Final Report and Recommendations are Insufficient

Reference Number

Dear Regional Assessment Committee,

I want to express that I have serious concerns about the Regional Assessment (RA) process, timelines, the final report, and its implications for our marine environment and known habitats set aside for biodiversity protection. Considering the complexity of this large Study Area, the trans-boundary concerns, and the potential to circumvent project-specific assessments for exploratory drilling, the RA process should have had at least the same timeline as strategic and site-specific assessments. There are numerous data deficiencies, omissions, and oversights in the report as discussed below. As such, this report must be considered incomplete and its proposed recommendations insufficient at addressing impacts to the natural environment.

The cumulative effects assessment largely consisted of an incomplete collection (“data dump”) of spatial data layers. The recommendation that the government assumes responsibility for offshore-related cumulative effects assessment, despite their mention in the Terms of Reference for the Committee and the Impact Assessment Act, is unacceptable. A thorough and complete assessment must be completed prior to the development (or exclusion) of any cumulative effects recommendations.

There is no recommendation for adequate protection of ecologically sensitive areas, such as Ecologically and Biologically Significant Areas, Fisheries Closure Areas, Marine Refuges, Sensitive Benthic Areas, and internationally-recognized Vulnerable Marine Ecosystems. Yet, the report states “the potential for future drilling activities to adversely affect the important and defining ecological features, processes and integrity of any marine or coastal locations that are designated as special areas, including their associated human use and value.” This is wholly unacceptable. The suggestion that exploratory drilling can take place in these sensitive areas undermines the conservation measures for which they were designated.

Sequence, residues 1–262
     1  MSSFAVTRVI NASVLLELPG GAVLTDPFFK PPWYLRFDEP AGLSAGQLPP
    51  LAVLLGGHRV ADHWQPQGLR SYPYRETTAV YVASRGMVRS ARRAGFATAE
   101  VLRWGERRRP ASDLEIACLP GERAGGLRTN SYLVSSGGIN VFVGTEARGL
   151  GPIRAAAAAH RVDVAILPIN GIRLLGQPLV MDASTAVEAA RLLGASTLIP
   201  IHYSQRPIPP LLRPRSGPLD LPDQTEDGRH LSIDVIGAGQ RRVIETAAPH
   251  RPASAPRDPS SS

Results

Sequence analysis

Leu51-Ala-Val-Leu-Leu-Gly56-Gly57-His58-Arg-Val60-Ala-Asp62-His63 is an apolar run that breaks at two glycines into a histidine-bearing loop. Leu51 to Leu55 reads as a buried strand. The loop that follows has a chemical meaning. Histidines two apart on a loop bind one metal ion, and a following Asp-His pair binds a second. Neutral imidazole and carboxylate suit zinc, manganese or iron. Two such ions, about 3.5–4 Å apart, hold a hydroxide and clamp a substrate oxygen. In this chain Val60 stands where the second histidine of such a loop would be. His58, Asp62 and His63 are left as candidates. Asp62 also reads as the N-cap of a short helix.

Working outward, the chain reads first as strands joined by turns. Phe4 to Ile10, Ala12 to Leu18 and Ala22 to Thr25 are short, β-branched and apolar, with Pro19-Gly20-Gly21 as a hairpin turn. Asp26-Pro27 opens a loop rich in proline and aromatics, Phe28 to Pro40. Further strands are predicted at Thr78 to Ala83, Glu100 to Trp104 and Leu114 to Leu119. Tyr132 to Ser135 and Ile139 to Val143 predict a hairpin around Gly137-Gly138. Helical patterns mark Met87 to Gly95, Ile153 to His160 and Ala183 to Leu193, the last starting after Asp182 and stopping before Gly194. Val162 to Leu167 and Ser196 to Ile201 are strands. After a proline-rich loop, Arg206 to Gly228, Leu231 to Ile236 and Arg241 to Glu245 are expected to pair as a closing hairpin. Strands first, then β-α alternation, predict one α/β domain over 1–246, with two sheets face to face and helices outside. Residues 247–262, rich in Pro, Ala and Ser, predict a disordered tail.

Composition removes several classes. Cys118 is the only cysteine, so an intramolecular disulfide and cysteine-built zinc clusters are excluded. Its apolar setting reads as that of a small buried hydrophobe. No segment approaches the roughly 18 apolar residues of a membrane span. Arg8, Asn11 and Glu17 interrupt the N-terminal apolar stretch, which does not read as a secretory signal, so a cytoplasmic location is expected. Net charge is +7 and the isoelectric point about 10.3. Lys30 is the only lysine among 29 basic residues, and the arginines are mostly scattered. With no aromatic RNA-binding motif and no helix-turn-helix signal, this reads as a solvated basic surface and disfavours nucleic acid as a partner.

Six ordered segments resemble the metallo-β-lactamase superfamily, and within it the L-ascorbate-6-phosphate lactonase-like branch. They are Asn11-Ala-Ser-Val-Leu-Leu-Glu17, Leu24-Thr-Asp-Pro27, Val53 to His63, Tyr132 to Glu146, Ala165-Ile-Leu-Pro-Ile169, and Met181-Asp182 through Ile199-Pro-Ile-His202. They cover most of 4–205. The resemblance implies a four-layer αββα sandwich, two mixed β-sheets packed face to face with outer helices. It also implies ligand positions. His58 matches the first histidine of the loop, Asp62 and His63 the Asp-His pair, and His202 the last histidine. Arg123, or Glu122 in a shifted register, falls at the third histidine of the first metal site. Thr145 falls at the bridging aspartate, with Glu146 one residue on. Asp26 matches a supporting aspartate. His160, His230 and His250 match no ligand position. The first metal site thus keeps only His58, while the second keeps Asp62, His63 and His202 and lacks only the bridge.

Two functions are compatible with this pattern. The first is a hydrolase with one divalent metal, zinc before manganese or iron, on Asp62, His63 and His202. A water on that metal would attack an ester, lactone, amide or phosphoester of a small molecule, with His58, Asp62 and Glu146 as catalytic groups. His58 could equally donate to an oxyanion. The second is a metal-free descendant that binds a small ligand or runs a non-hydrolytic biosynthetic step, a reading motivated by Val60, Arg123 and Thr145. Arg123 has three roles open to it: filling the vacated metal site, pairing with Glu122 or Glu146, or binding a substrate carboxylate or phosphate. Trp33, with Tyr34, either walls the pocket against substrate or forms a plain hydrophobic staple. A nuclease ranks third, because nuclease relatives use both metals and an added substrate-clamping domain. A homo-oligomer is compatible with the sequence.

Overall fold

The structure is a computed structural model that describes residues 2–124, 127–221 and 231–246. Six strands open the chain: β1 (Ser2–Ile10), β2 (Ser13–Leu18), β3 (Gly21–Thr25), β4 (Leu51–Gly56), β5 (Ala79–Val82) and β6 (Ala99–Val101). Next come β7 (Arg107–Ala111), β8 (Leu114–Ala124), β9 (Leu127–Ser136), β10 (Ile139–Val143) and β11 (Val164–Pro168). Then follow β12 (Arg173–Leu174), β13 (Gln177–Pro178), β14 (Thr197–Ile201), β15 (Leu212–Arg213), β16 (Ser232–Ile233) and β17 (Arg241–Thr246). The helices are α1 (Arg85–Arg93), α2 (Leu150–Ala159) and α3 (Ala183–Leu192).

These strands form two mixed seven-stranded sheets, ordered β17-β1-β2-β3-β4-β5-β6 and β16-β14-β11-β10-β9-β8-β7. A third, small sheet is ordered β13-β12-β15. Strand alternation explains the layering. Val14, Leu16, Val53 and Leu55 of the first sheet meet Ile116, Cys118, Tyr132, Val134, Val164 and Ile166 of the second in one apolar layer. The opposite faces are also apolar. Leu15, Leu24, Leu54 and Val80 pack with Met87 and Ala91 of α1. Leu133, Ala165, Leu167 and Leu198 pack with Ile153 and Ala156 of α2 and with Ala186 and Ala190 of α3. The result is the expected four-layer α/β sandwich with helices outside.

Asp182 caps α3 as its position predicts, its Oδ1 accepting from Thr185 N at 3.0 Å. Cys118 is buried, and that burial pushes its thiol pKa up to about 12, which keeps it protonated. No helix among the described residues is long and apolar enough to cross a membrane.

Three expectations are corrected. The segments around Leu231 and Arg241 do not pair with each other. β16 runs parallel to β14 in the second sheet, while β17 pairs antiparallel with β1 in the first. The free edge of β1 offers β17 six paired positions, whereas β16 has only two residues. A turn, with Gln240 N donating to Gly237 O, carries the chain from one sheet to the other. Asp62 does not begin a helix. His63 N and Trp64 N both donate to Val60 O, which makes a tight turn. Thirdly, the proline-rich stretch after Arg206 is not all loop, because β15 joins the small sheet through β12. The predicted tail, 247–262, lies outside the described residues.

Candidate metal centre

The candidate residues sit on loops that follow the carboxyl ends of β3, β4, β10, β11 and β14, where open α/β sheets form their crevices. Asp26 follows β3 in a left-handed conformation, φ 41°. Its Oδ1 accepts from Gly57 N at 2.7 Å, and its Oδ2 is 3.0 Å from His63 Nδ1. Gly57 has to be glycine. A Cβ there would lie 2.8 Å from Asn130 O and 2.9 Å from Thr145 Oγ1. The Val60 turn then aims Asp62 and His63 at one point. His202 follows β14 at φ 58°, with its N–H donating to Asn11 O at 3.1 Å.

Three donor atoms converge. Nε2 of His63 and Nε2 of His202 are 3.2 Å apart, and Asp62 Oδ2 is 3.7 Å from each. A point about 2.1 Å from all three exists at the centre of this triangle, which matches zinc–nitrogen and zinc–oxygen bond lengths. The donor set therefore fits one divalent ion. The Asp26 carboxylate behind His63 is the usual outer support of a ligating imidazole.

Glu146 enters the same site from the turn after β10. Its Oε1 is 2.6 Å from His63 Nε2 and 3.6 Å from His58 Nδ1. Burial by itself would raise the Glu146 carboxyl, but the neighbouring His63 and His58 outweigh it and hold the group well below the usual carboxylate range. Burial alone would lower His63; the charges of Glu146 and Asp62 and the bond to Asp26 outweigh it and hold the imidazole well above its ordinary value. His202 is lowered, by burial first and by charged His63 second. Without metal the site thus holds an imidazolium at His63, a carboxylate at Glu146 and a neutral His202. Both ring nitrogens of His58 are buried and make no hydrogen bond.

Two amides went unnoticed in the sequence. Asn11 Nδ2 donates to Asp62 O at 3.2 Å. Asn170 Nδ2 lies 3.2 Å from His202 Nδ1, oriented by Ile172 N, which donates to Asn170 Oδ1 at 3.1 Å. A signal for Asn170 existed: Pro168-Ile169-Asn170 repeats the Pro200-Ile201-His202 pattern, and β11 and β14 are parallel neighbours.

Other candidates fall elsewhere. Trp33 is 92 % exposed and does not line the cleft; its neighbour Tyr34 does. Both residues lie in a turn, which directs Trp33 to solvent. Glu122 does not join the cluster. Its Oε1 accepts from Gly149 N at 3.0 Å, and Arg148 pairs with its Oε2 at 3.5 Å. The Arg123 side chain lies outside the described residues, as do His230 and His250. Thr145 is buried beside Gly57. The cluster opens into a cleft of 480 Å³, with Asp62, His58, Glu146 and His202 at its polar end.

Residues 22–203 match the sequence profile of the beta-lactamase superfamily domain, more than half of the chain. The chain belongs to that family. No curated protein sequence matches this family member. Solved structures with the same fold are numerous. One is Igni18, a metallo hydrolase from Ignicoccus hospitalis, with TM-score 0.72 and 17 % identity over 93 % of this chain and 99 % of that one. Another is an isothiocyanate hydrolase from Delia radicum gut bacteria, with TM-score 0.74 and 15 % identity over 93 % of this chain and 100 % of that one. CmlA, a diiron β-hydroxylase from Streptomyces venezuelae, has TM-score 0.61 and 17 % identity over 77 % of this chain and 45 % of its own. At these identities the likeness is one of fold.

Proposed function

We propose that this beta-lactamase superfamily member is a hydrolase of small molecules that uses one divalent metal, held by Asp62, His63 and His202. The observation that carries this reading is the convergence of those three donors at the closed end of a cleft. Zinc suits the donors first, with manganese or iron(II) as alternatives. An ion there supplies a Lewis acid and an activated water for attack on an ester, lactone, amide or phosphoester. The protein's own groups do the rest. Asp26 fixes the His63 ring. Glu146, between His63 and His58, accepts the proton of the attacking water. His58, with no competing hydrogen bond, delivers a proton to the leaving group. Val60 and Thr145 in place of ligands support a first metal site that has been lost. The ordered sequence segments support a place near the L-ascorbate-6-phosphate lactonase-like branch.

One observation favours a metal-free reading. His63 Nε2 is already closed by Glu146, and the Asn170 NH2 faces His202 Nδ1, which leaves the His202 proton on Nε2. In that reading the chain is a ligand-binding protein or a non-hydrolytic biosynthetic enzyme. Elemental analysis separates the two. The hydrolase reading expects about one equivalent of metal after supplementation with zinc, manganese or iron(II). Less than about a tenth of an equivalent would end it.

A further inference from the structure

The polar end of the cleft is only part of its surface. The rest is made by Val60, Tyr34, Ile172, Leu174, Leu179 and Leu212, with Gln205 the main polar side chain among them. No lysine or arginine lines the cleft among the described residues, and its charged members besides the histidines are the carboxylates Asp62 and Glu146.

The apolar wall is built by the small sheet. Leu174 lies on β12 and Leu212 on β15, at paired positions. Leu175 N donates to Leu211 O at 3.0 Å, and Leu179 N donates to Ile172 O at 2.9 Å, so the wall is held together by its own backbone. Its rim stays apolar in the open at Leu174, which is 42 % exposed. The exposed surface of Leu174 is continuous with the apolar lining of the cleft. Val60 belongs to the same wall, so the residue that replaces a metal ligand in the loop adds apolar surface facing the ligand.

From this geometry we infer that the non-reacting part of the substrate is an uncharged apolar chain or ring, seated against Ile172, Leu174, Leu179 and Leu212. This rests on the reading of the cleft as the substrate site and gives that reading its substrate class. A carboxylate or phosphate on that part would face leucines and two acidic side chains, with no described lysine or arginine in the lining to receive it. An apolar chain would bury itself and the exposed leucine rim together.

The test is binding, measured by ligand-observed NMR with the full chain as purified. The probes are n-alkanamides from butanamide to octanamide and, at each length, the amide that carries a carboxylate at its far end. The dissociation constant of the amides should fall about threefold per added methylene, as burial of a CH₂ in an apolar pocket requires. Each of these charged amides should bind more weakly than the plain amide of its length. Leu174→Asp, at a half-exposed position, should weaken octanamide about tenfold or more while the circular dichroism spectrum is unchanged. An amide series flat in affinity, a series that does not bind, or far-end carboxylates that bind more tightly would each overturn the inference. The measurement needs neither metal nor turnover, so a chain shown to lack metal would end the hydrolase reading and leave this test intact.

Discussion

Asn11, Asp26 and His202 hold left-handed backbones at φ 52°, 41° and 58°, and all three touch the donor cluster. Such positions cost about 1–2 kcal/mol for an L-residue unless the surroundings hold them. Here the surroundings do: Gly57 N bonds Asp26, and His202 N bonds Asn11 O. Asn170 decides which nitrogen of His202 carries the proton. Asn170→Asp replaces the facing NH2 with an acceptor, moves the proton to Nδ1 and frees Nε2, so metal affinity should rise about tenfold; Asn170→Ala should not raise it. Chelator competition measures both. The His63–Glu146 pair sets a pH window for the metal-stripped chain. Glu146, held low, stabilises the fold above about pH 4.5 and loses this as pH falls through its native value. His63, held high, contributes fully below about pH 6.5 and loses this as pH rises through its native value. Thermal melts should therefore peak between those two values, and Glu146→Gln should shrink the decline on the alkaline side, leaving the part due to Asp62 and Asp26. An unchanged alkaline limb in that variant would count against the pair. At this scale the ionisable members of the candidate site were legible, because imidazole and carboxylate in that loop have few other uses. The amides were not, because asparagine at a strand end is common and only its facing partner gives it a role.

There is no recommendation on greenhouse gas emissions or climate change, despite the obvious implications for increased atmospheric emissions. The reason provided in the report is that “downstream emissions would occur only after oil is discovered.” This is false, as emissions occur throughout the entire production life cycle – including drilling, transport, and most supporting activities. Furthermore, any exploration is done with the intention of downstream activity, including extraction and combustion, and therefore, those significant impacts must also be considered. This is especially true when considering the regional scope of this report, not to mention the Government of Canada’s renewed commitment to mitigating climate change impacts and its goal of net-zero emissions by 2050.

As this is the first RA to be conducted in Canada, it is of special importance that this RA adequately addresses impacts to the natural environment. This RA offers an important opportunity to look at important issues related to cumulative environmental disturbances, marine protections, and climate change within their regional context. However, this has not been done and the final report is, therefore, inadequate for developing recommendations with far-reaching implications for offshore activity and marine environments. Furthermore, holding a public comment period during the COVID-19 global pandemic, even with a short-term extension, is highly objectionable.

The recent collapse in oil prices around the world has highlighted the vulnerabilities we face with dependence on petroleum development. There is an enormous cost to oil and gas exploration and production, from climate change mitigation and international relations to the future cleanup costs. This government has committed to curbing emissions and ending “inefficient” fossil fuel subsidies. The reality is that this industry continues to receive enormous subsidies whilst aggressively pursuing environmental deregulation.  With oil prices at record lows, layoffs, and billions cut from budgets, we cannot continue to create sweeping, long-term changes to environmental regulations at the request of industry associations. I urge the Minister to re-evaluate the regulations and policies that promote extracting hydrocarbons during a climate crisis.

The primary focus of an environmental assessment must be the environment. The rapid speed at which this RA process has been pursued suggests that the Committee has not given careful consideration for our marine environment and known habitats set aside for biodiversity protection in this study area. The final report was developed and submitted immediately after the last public comment period, suggesting that comments were not reviewed or addressed at all. The entire RA process seeks to fast-track offshore assessment without adequate consideration for the Impact Assessment Act, sensitive habitats and marine environments, or Canada’s commitments to the environment.

In conclusion, the Regional Assessment Final Report is incomplete and insufficient to inform regulatory decisions that have long-term implications for our marine environment and conservation measures.


Nick White

St. John's NL

Submitted by
Nicholas White
Public Notice
Comment Tags
Climate change Fish and Fish Habitat Other Flora (Vegetation / Habitat) Economic Concern Assessment Timelines / Process
Date Submitted
2020-04-30 - 3:53 PM
Date modified: